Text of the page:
How will the children be assessed?

    The teacher will need to assess the children in each focus group against the 2014 Curriculum objectives.  Reading assessments completed at the end of each term will give each child an updated level in reading. (emerging, developing, secure and mastered)

    How will parents be informed of their progress?

    Parents will be informed of their child’s progress via the home/school reading record cards and during twice yearly parental consultations.

    What resources are available and how will they be organised?

    Rec/Y1/Y2 – Rigby Star, LCP Cards, Read and Respond (Scholastic)

    These resources are kept in the Foundation Stage/KS1 reading areas.

    Y3/Y4 – Rigby Navigator, LCP Cards, Collins Pathways, Read and Respond (Scholastic)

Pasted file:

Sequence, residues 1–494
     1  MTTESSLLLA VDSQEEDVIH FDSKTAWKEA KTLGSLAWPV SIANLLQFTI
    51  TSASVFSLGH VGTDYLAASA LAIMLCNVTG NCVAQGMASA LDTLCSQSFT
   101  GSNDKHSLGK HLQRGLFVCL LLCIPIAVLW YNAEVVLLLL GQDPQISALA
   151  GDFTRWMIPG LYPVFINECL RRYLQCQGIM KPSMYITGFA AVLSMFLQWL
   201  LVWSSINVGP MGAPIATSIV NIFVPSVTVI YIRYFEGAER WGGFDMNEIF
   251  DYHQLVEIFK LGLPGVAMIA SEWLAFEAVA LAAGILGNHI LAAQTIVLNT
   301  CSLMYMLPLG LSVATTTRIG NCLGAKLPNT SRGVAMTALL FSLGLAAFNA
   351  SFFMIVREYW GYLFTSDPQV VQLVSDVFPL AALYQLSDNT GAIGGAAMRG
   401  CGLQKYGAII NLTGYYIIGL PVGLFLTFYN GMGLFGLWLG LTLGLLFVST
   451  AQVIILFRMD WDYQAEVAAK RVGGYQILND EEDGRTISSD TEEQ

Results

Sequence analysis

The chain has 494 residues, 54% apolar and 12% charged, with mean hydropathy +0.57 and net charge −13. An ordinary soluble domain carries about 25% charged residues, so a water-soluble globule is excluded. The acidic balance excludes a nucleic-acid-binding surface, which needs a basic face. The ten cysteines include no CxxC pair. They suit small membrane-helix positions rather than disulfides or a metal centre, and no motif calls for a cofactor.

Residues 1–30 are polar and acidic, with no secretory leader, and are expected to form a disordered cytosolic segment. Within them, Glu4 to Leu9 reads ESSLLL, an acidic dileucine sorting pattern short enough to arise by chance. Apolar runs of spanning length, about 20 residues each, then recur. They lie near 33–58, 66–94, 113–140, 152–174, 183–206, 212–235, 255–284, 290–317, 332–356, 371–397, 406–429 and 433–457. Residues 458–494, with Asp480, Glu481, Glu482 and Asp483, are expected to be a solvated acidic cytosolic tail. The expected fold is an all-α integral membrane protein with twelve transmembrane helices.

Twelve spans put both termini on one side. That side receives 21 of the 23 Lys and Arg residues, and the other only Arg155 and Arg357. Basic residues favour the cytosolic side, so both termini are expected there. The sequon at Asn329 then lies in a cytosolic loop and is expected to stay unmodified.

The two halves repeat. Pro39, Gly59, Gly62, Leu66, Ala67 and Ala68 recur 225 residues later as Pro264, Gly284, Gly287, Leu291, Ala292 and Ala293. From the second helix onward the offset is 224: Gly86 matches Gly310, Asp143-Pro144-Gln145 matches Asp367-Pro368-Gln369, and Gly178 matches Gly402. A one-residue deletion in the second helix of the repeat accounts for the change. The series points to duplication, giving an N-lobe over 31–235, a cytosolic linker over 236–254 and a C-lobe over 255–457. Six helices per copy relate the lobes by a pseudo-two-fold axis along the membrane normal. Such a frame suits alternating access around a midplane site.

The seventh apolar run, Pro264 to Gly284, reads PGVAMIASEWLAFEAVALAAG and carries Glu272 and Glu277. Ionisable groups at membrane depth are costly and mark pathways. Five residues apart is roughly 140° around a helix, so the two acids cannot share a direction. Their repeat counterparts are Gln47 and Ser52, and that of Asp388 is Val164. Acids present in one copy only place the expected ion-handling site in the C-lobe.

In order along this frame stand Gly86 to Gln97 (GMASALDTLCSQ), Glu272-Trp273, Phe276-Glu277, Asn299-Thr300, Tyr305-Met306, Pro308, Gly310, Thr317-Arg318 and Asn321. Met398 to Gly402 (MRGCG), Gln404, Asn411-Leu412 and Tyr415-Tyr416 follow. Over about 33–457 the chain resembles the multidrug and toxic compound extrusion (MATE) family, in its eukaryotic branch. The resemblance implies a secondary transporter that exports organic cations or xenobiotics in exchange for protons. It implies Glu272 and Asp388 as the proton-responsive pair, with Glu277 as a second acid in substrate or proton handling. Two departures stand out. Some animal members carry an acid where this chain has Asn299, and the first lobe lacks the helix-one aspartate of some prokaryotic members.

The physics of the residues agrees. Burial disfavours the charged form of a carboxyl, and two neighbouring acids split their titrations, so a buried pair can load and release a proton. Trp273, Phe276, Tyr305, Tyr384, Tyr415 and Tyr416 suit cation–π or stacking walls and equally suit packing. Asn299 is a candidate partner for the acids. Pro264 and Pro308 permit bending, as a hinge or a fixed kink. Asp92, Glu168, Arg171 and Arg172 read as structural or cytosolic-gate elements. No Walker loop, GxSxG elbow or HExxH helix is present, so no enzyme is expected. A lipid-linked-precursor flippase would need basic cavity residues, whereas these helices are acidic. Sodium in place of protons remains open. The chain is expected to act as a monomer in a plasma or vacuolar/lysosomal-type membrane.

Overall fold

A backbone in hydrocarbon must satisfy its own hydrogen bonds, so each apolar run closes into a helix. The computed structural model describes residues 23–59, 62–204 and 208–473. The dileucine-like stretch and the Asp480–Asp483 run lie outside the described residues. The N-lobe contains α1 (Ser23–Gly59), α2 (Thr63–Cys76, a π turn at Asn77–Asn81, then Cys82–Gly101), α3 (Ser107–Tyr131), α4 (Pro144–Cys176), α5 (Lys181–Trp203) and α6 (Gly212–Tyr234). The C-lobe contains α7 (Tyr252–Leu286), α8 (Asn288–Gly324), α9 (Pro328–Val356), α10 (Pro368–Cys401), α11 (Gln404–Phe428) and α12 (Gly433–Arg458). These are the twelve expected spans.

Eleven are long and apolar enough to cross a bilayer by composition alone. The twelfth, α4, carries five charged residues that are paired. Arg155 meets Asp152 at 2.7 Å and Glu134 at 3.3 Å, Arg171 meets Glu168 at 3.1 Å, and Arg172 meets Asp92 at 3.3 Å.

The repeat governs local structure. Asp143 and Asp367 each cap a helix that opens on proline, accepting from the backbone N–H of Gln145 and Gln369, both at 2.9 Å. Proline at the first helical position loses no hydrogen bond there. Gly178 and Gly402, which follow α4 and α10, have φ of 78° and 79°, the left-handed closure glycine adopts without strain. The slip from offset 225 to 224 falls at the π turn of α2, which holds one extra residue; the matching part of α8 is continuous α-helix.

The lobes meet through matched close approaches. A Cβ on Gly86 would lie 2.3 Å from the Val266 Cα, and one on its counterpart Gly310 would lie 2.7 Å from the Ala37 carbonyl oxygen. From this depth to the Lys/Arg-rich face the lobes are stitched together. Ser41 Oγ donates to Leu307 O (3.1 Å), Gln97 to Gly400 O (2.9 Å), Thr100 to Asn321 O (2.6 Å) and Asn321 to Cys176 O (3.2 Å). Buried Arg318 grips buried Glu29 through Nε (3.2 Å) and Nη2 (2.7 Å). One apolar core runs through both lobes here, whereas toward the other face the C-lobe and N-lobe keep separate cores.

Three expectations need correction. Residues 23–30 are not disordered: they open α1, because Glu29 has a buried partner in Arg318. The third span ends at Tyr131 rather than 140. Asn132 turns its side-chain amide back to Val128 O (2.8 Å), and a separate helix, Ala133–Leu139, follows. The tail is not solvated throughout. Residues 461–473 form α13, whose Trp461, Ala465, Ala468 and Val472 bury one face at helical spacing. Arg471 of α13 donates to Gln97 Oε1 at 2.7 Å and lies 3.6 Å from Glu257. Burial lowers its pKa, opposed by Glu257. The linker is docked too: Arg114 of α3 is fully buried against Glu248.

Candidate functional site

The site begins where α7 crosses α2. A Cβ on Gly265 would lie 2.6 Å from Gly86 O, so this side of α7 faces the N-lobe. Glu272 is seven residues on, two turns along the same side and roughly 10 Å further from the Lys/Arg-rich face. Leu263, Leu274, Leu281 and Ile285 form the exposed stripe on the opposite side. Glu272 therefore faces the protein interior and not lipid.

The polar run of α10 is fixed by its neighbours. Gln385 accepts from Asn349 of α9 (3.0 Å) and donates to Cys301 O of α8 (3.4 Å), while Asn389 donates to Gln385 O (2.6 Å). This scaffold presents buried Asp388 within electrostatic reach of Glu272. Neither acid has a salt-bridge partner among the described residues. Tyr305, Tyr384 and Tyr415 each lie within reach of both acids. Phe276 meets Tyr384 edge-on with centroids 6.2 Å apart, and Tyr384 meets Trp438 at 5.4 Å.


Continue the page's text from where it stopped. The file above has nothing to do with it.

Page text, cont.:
These resources are kept in the Y3/Y4 reading area.

    Y5/Y6 – Rigby Navigator, LCP Cards, Collins Pathways, Read and Respond (Scholastic)

    These resources are kept in the main library area.


    Examples of activities appropriate for the children working independently:

    *Stile               *Word games   *Comprehension activities

    *Response to current reading book       *Laptops (e.g. wordshark)

    *Non-fiction library books       *Silent reading *Story tapes

    *Non-fiction research  *Dictionary/Thesaurus activities

    *Word searches           *Look Cover Write Check                     *Mnemonics


    Independent Reading

    What is independent reading?

    Independent reading is either when children return to familiar texts – re-reading strengthens a reader’s control over the reading process, or when children read texts selected by themselves – an important part of developing independence, motivating readers and helping children to develop and discuss their reading preferences.

    When does independent reading take place?